Thompson started the first game off with an ace, followed by a combined block from Tomasevic and Myhre to give the Huskies a quick 2-0 lead prompting Cook to call an early timeout. Washington built the lead to 4-1 after a service error from Houghtelling and a Hagerty kill on a long rally. Nebraska scored three unanswered points including an ace from Larson to tie the score at 4-all. After Washington took a 6-4 lead, the Huskers scored three straight capped by an ace from Dani Busboom to take their first lead at 7-6. After a Tomasevic kill tied the game at 7-all, Nebraska posted three points to the scoreboard to take a 10-7 advantage on a Pavan ace. Washington rallied back to score four of the next five points to knot the game at 11-all with two kills coming from Morrison. The Huskies regained the lead at 13-12 after a Myhre kill and Husker ball handling error. Washington extended its run to four straight points with a Tomasevic block solo and Larson error for a 15-12 lead. Nebraska blocked its way back to within one point at 15-14 as Elmer combined on blocks with Larson and Pavan. The Huskies gained a three-point 17-14 lead as Myhre and Morrison connected for kills. After Nebraska closed to within one at 18-17, Hagerty started a 3-0 Husky run with two kills pacing Washington to a 21-17 lead forcing Cook to call his second timeout. Nebraska narrowed the gap to 21-19 out of the timeout with a Pavan kill and Houghtelling and Stalls combined block. Washington picked up a 25-20 lead on three straight points including two blocks. The Huskies held a five-point lead at 27-22 after a Tomasevic kill, but the Huskers came back on consecutive kills from Dani Mancuso and Pavan whittling the deficit to 27-24. Nebraska closed to within two at 27-25 as Hagerty attacked long. Tomasevic stopped the bleeding with a kill, followed by a Hagerty kill providing the Huskies their first game point. Washington capped the first game at 30-26 as Morrison pounded a kill down the middle. Neither team hit effectively as Washington hit .087 and Nebraska hit .082. Hagerty turned in five kills, while Morrison added four kills for the Huskies. Stalls recorded five blocks for the Huskers.
Nebraska opened up game two with a 3-1 lead, only to see the lead disappear with a Washington 5-1 run that included three Husker miscues to put the score at 6-4. After a Saleaumua kill, the Huskies rattled off three more points that included a kill and block assist from Morrison to put the game at 9-5. Washington increased the lead to 11-6 after a Deesing kill and a triple block from Thompson, Morrison and Myhre. Nebraska sliced the deficit to 13-10 after a kill from Larson and a Husky ball handling error. Washington responded with a kill from Tomasevic followed by an Elmer attack error to put the score at 15-10 at the media timeout. Nebraska put down three quick points cutting the margin to 15-13 as Saleaumua slammed kills around a Pavan kill prompting McLaughlin to call Washington's first timeout. Tomasevic stopped the run with a kill out of the break and the teams traded the next six points to put the score at 19-16. Morrison ended the side-out scoring with a kill after a long rally. After Nebraska's first timeout, Myhre won a joust at the net and Larson hit long over the Washington block to give the Huskies a 22-16 lead. Morrison continued the scoring run with Washington's fifth and sixth straight points with a kills for a 24-16 lead. After a Nebraska timeout, Mancuso ended the Husky 6-0 run with a kill. After trailing 27-19, Nebraska mounted a mini-run with kills from Pavan and Saleamua around a block from Houghtelling and Stall cutting the lead to 27-22. Saleaumua scored her second straight kill out of a Washington timeout, followed by a Houghtelling kill cutting the deficit to 27-24. Washington ended the 5-0 Husker run with a point off a Nebraska ball handling error, followed by a Tomasevic kill to give the Huskies their first game point at 29-24. Morrison tallied a kill off the Husker block to lift Washington to a 30-25 victory. Washington hit .350 in the second game and held the Huskers to a .196 percentage. Morrison upped her game totals to 10 kills and five blocks through the second game. Saleaumua tallied six kills in the second game.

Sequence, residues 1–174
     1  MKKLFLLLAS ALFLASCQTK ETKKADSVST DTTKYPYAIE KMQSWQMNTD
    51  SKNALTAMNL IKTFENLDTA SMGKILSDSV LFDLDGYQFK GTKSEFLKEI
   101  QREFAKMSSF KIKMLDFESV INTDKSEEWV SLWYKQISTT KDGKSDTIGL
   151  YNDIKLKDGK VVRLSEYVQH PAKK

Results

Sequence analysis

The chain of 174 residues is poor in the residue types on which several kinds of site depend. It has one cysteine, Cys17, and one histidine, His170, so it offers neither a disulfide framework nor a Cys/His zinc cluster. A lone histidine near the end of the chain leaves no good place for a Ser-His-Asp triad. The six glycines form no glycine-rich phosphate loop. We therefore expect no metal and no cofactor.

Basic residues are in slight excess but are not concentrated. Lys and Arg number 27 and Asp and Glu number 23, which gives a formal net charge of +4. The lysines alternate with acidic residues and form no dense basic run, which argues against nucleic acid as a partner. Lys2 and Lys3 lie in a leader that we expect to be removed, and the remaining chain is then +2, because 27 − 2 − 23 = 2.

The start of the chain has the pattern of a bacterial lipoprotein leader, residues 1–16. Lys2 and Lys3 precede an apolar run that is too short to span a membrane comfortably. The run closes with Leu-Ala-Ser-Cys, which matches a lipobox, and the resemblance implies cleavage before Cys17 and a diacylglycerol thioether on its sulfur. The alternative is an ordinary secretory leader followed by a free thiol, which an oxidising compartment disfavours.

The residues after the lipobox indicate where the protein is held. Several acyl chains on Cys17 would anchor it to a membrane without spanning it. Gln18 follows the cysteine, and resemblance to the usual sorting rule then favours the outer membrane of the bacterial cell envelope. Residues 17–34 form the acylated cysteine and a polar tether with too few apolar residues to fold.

The Huskers erupted for a 4-1 run out of the intermission as Pavan and Larson scored back-to-back kills while Nebraska picked up two other points on Washington errors. After a Washington timeout, Pavan tallied the Huskers fourth straight point. Pavan continued her offensive presence in game three with a kill and ace lifting Nebraska to a 7-2 advantage. Washington scored three straight points on a Pavan service error followed by kills from Deesing and Hagerty cutting the deficit to 7-5. Nebraska took a four-point lead at 10-6 after a kill and block assist from Houghtelling. Washington tapped down two straight points with rally ending kills from Tomasevic and Morrison for a 10-8 Nebraska lead. After trading points for eight points, Nebraska scored consecutive points on a kill from Pavan and a block from Stalls for a 16-12 lead. Washington took advantage of three straight Husker errors that included a block from Deesing and Thompson, and an ace from Danka Danicic to put the Huskies within one at 16-15. Saleaumua snapped the Huskies' 3-0 run after a timeout with a kill, which was followed by a Pavan kill to put the Husker lead back at three, 18-15. Washington quickly tied the scored the score on a 3-0 run with two kills from Morrison and another kill from Tomasevic. The Huskies took their first lead of game three at 20-19 as Tomasevic pounded a kill followed by an Elmer error. Nebraska returned to the lead at 21-10 with a kill and block from Elmer. After trading points to a 23-all score, Hagerty pounded a kill off the block to give the Huskies a 24-23 lead. Deesing followed with a kill to give the Huskies a two-point cushion at 25-23. Houghtelling ended Washington's 3-0 run with a kill for a 25-24 Husky lead. Deesing scored a kill on a Nebraska net violation giving Washington a 26-24 lead. Tomasevic scored the next point for the Huskies setting up a Washington ace from Ashley Aratani to put the score at 28-25. The Huskies gained their first national championship point as Pavan hit the ball into the net after a wild scramble. Morrison ended the match with a block solo at 30-26.
NCAA Division I Women's Volleyball Championship All-Tournament Team
Christal Morrison (Washington) - Most Outstanding Player
Sanja Tomasevic (Washington)
Courtney Thompson (Washington)
Sarah Pavan (Nebraska)
Jennifer Saleaumua (Nebraska)
Christina Houghtelling (Nebraska)
Kristen Andre (Tennessee)